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Re: More questions on the Exotic Removal Program
South Florida, over the past half century or so, has become a repostitory
for naturalized exotic species, from trees and shrubs to birds, reptiles, fish
and even primates. The most immediatly obvious are the trees and plants who's
tannins are so toxic that nothing, save a stray fern will grow beneath thier
green. And flocks of brightly colored parrots are now taking a bite out of the
citrus industry. But this is a "fish" list, so lets talk fish.
Twentyfive years ago, when as a kid I would go fishing, the most predominant
fish in the water were bream. And there was no small amount of them. Now when
I visit waters edge, the main fish I see are cichlids, of varying species. The
bream, though still there, represented only by an occasional siting.
It has been established that the aquatic biosystem is delicate and any
introduction of a non-indigenous species has an immediate impact on the native
populations. Introduced species do not simply live side by side with the
native population, but create a struggle for food and space. One must win and
judging from the success of the exotics, it's not our natives carrying victory
Are we making a dent in the problem we created by fishing them out and using
them to fund further conservation efforts or by educating the public at large?
Time will tell, but doing nothing is not an option.
>1. How many individual exotic fish are there in the canals?
One too many, honestly I have no idea, care to come down and count? : )
>2. How many exotic fish have been removed so far? The messages seem to
indicate no more than a few dozen.
As a reminder, we are only a few weeks old. I am currently working on forms to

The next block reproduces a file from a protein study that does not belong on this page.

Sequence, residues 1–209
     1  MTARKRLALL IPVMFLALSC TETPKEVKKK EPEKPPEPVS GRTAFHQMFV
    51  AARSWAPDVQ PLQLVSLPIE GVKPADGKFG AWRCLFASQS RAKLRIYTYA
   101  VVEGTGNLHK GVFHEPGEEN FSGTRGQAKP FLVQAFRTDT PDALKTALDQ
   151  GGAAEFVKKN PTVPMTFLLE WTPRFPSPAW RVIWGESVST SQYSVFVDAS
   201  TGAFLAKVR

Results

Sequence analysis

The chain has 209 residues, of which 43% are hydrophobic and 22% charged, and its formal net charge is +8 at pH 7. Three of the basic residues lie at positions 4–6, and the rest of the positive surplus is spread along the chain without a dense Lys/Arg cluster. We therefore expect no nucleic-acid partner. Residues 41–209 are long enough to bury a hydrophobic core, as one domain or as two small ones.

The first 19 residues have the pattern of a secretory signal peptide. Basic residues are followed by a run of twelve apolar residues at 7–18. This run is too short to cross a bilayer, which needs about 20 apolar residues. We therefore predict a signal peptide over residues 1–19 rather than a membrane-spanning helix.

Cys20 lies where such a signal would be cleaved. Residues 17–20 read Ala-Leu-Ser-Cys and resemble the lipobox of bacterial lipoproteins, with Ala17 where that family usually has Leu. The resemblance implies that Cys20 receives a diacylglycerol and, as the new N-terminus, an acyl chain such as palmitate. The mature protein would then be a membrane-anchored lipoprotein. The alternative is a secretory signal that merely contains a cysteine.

be distributed among the ERP volunteers to begin recording this and other
info. Ask this ? again in a year and be astounded.
>3. What is the total annual demand for the species of exotics that live in
the canals? This would be the theoretical maximum number of fish that could
be removed each year for aquarium use.
Again, ask in a year.
>4. How quickly do the target species reproduce? The slower they reproduce,
the more effective their removal will be.
Thier sheer numbers imply a better survival rate of thier young
over that of our natives.
>5. What native species is being impacted by the introduced exotic? This
question would seem to have ethical connotations, since it might be judged
more vital to control an introduced species that was outcompeting a native
species than it would be to control an introduced species that found an
unoccupied ecological niche.
The entire biosystem is impacted as thier numbers continue to increase.
I have taken very small (3/4") specimens of plecos out and thier
impact on the natives is probably negligable, but there is a market for them.
>6. What species lived in the area before human intervention? I believe that
the canals were man made, to feed the water demands of Miami. Some people
might see the introduction of exotics into a totally artificial habitat as
little different than stocking a man made reservoir (admitedly, the risk of
spread of the exotic species into adjoining natural waterways must be
considered, in either case).
Answered your own ? here. : )
>I truely mean no disrespect for the hard working people who operate the
Exotics Removal Program. You guys are doing a great job, with way too little
No offence taken friend and thankyou.
>I humbly suggest that we be careful about claiming that
the Exotics Removal Program is doing anything about controlling the numbers
of exotics in the wild unless we can prove that that is the case.
Removing one mating pair is victory for our natives.
As ERP volunteer membership grows, our impact will become more evident. Though
good questions, they may be premature to ask of an program so young.
Thanks and Remember..........................
..........You Don't need Eyes to See, You Need Vision...........
Keep the Vision
Save a Native, Eat an Oscar
Exotic Removal Program Administrator
BTW, we now have a page on the NFC website with recipes for exotics. It's
under construction, so more to come. : )